Japanese companies are increasingly delivering shareholder value

Japan equity rerating reveals renewed interest

Japanese companies are increasingly delivering shareholder value

The cumulative impact of Abenomics – a series of economic reforms launched over ten years ago – is becoming increasingly apparent. Monetary easing and fiscal consolidation have laid the groundwork and the private sector has now taken the reins. Japanese companies are making better use of their abundant cash and companies have responded to recent changes in corporate governance, improving company board composition, communication with shareholders and outside activist investors.

Last year saw Japanese companies deliver record amounts of share buybacks. Corporate balance sheets in Japan are in much better shape than in previous years and, for the market overall, the ROE for listed equities has more than doubled in the last ten years. We expect corporate Japan to keep unlocking value as management teams pay more attention to the costs of capital, corporate governance, and institutional investor stewardship. 

Japan boasts an array of world class firms, with leaders in semiconductor equipment, healthcare, medtech and robotics as well as traditional heavy industries and speciality chemical firms. Warren Buffet’s recent investments in Japan, reported in early April, have added to recent optimism and it’s significant that he has taken stakes in the likes of Itochu Corp, Mitsubishi Corp, and Sumitomo Corp – all IJP AU holdings. Many of these firms sell products far beyond Japan and for investors concerned about growing U.S. – China political tension, Japan may be seen as a preferable way to tap into Asia’s economic recovery.

All that said, and despite robust performance in recent months, valuations are low. The price-to-earnings ratio of the MSCI Japan (which IJP AU tracks) at 14.2 times, which remains below its 15-year average and represents a steep discount with the U.S. In recognition of the importance of improving the valuation of Japanese listed companies, the Tokyo Stock Exchange recently revamped Japan’s market structure, grouping companies into ‘prime’, ‘standard’ and ‘growth’ segments in order to spur a further rerating of Japanese equities. With half of all Japanese companies still trading on a price-to-book ratio below one, there is plenty of room for improvement. As corporate returns continue to improve, we expect share prices to follow.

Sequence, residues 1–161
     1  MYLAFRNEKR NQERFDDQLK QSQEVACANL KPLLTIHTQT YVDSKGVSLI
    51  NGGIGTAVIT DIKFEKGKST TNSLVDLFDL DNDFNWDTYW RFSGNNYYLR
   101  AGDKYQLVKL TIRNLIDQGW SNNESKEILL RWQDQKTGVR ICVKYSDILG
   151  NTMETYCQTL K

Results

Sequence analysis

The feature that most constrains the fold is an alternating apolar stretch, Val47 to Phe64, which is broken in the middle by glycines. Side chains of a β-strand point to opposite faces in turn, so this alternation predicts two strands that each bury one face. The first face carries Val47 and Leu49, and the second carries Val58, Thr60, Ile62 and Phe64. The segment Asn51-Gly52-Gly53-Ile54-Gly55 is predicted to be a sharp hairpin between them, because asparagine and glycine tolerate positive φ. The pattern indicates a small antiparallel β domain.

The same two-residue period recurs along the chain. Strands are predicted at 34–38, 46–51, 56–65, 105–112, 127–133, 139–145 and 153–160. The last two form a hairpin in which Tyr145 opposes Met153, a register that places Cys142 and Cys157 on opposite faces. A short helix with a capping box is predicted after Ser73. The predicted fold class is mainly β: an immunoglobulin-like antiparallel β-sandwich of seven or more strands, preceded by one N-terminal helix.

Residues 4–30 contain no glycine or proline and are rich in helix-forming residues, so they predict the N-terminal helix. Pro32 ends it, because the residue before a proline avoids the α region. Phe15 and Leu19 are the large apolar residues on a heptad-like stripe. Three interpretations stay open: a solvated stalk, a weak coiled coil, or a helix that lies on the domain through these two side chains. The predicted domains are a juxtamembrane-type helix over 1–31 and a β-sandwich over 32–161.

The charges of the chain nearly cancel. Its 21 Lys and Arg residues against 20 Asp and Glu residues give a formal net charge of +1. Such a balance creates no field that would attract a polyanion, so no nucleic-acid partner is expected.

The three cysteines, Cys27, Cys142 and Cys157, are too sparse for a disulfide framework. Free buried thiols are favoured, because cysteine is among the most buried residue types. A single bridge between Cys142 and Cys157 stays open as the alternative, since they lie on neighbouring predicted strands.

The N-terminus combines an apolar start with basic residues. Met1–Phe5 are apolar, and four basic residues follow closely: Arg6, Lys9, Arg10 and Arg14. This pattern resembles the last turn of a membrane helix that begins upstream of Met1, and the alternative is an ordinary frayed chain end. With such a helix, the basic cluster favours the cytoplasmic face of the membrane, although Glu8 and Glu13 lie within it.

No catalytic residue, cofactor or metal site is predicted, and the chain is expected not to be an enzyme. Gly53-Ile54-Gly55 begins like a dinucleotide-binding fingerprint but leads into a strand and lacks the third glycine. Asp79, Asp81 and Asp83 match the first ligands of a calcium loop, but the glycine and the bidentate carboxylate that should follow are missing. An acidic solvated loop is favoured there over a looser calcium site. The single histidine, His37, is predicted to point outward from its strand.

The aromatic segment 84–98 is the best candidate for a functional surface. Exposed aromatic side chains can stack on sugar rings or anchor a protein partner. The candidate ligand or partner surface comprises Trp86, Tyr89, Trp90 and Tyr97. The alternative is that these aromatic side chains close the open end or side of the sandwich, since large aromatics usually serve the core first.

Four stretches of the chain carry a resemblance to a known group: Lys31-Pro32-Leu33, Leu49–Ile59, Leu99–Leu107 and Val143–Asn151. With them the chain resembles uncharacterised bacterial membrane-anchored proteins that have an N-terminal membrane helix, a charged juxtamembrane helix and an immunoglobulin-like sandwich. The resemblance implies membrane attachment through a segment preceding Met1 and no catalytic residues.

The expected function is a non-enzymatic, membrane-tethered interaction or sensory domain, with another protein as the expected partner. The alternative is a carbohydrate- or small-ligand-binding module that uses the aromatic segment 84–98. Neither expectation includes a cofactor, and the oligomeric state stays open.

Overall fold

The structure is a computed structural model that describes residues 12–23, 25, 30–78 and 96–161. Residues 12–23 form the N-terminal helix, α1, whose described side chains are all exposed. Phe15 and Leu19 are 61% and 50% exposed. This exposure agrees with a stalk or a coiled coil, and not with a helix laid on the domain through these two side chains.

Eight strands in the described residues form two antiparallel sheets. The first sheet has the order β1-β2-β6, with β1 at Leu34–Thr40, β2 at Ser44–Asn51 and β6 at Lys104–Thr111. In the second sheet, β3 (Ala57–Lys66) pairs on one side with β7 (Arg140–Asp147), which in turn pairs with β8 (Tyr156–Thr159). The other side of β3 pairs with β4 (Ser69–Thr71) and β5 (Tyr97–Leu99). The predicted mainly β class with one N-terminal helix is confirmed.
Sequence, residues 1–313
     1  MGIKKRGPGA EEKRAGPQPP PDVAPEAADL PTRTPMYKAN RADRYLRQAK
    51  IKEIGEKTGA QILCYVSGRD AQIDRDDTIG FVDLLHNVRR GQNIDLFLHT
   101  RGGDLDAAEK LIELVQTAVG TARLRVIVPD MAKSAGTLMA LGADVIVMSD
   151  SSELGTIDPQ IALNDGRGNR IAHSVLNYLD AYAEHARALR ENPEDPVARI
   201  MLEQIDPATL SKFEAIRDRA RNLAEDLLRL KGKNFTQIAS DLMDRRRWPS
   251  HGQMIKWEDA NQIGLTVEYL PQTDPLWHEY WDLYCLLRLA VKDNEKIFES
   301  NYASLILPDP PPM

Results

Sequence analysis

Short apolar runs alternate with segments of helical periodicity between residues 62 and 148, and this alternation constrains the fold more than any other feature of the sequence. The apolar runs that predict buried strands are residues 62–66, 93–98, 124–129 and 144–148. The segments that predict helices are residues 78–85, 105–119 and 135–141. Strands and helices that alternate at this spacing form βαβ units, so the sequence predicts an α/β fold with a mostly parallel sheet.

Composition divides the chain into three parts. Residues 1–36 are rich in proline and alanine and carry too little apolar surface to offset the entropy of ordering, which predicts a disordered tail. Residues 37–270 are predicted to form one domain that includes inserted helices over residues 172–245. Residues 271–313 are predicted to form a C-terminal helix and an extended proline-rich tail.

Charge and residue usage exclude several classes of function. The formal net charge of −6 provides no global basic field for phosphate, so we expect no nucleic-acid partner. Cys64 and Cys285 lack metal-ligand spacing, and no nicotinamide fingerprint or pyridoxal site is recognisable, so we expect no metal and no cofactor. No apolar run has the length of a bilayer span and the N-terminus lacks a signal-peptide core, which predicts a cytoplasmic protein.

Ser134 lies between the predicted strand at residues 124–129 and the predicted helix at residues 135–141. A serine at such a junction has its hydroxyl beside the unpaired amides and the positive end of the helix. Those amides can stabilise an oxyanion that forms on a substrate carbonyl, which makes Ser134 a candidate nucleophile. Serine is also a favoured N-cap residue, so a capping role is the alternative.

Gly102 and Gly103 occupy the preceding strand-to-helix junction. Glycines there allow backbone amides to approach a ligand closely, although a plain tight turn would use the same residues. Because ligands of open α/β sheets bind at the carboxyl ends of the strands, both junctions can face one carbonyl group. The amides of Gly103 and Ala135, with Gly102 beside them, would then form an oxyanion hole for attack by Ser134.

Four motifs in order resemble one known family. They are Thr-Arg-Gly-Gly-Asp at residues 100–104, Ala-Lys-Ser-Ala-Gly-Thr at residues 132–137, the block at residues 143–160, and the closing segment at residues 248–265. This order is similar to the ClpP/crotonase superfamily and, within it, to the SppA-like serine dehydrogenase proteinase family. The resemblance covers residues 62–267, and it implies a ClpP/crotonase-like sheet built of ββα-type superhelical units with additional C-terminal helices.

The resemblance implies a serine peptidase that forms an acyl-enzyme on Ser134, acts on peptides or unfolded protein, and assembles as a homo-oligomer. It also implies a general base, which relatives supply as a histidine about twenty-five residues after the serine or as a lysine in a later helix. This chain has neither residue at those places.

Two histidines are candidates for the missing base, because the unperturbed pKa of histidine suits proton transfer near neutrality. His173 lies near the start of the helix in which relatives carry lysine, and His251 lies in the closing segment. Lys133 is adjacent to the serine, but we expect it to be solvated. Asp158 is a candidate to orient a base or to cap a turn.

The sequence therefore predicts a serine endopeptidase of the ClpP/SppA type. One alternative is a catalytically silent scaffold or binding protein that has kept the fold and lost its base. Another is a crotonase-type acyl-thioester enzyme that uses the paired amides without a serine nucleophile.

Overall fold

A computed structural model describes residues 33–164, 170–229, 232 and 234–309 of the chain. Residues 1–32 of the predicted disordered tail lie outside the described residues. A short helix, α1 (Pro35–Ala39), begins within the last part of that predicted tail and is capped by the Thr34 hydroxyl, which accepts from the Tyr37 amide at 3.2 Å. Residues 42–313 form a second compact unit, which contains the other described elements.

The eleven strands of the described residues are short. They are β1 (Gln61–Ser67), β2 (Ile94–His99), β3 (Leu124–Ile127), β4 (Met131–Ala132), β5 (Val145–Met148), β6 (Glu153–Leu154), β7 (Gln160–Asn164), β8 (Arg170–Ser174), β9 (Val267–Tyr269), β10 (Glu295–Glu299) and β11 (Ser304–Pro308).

Increased interest from foreign investors reflected in inflows

  Foreign investors underweight Japanese stocks

Increased interest from foreign investors reflected in inflows

Investment returns are a function of price and positioning. In Japan, equity valuations are low, and positioning remains light. Foreign investors have been underweight Japanese equities for the past five years and the latest Bank of America Fund Managers Survey revealed that, despite the pickup in performance, this remains the case for most active managers.

However, this could be changing. In the ETP space, we’ve seen a pickup in foreign investor interest, with USD $1.4B added in April ($443M into US-listed funds, $985M into EMEA-listed funds) and buying continuing in last month, the highest single month of inflows since 2020 ($645M into US-listed funds, $469M into EMEA-listed funds).

With Japan out of favour in recent years, there are more marginal buyers when it comes to foreign investors. This contrasts with the U.S. market, on which global investors have relied heavily to power equity returns. With Tech – another crowded trade – driving the bulk of U.S. returns so far this year, investors may want to diversify. As corporate profitability continues to improve and the macro regime in Japan shifts from deflation to inflation, we expect an increasing number of foreign investors to address their underweight to Japanese equities.

For Australian investors, currency could prove another reason to invest in Japan. The Japanese Yen is widely considered to be undervalued and the prospect of tighter monetary policy from the BoJ means that we could see the Japanese yen strengthen against the Aussie dollar (AUD) and potentially add to the returns of AUD-based investors.